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How does the Taiwan crisis impact the world market for tankers?

Approximately 11 mb of oil per day transit through the Taiwan Strait.


Rising tensions between China and the US have overshadowed shipping in the Taiwan Strait, a waterway through which the vast majority of China’s oil imports and exports pass. Vessel tracking data indicate that approximately 11 mb of oil per day is sent across the Taiwan Strait. Of this, about 9 mb/d (80%) is crude, 1.5 mb/d (14%) are clean refined products and 0.5 mb/d (6%) fuel oil. About 93% of these flows are in the north and the rest (all of which are clean products or fuel oil) are heading south, Southeast Asia and occasionally Europe. It should also be noted that not all oil tankers destined for China pass through the Strait and some captains choose instead to head north to China across the ocean to the east of Taiwan.

According to data from AXSMarine, the vast majority of crude tankers passing through the Straits are VLCCs, while the majority of tankers of products are MR2. However, given BRS Tanker’s underlying assumptions that China will eventually become a product exporting power, it can be anticipated that more and more LRs will use the waterway in the coming years.

In the unlikely event of the closure of the Taiwan Strait, BRS Tanker estimates that the disruption of world tanker markets would be minimal unless shipping to the west of Taiwan was threatened. Although there would undoubtedly be an insurance premium for tankers travelling to the region, the analysis suggests that the net impact on demand for tonnes/mile would be negligible, since the difference between sending a cargo from Singapore to northern China is only 8 hours shorter when passing by the waterway compared to sailing on the western side of Taiwan.

Economic threat is greater than war

Despite the alarm, BRS Tanker assesses the danger to shipping in the region as very low. This is based on the assumption that China will not invade Taiwan and neither China nor the U.S. want a physical confrontation. Both are the world’s most important political and economic powers, and their ties are deep and each side needs the other. Although China conducted an unprecedented real fire drill in the Taiwan Strait and is a nuclear power, it does not currently possess the same military power as the US. While in the future, its military capability may eventually approach that of the US. thanks to the multiple aircraft carriers that are currently being built in their shipyards. In the short term, any confrontation between the US. and China would be economic.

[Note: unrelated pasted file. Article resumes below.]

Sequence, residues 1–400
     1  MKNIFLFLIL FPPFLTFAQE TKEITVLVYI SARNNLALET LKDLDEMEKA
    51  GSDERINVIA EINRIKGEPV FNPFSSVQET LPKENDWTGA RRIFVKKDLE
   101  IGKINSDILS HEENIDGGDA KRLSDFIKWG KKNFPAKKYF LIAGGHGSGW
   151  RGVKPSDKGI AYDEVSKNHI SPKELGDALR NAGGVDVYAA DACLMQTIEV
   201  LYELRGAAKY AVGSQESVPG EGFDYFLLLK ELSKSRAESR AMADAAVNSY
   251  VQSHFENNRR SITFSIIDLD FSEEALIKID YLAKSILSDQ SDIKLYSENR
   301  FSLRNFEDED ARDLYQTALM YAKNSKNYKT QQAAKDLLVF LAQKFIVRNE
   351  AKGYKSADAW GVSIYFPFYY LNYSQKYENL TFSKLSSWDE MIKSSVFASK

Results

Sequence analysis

For BRS Tanker, this is the biggest risk for tankers and the global economy in general. In fact, the recent trade war (during the Donal Trump administration) between the two countries led to lower global economic growth and lower tonne-mile demand for certain tankers, in particular the VLCCS and LPG tankers.

Given the above, it seems that Taiwan would have more to lose in the event of a full-fledged conflict. In fact, it has already accused China of cutting it off due to the actual fire drills taking place in the vicinity of its coast. Although the drills were short, it remained of concern to the island in terms of energy security. If tensions do not dissipate in the short term, it seems likely that the Taiwanese authorities will be able to order their refineries to increase their purchases of crude and products despite the current high prices. Given Taiwan’s historic oil imports, this would see an increase in demand for clean tankers from other parts of Asia and the Middle East and demand for crude tankers from the Middle East.




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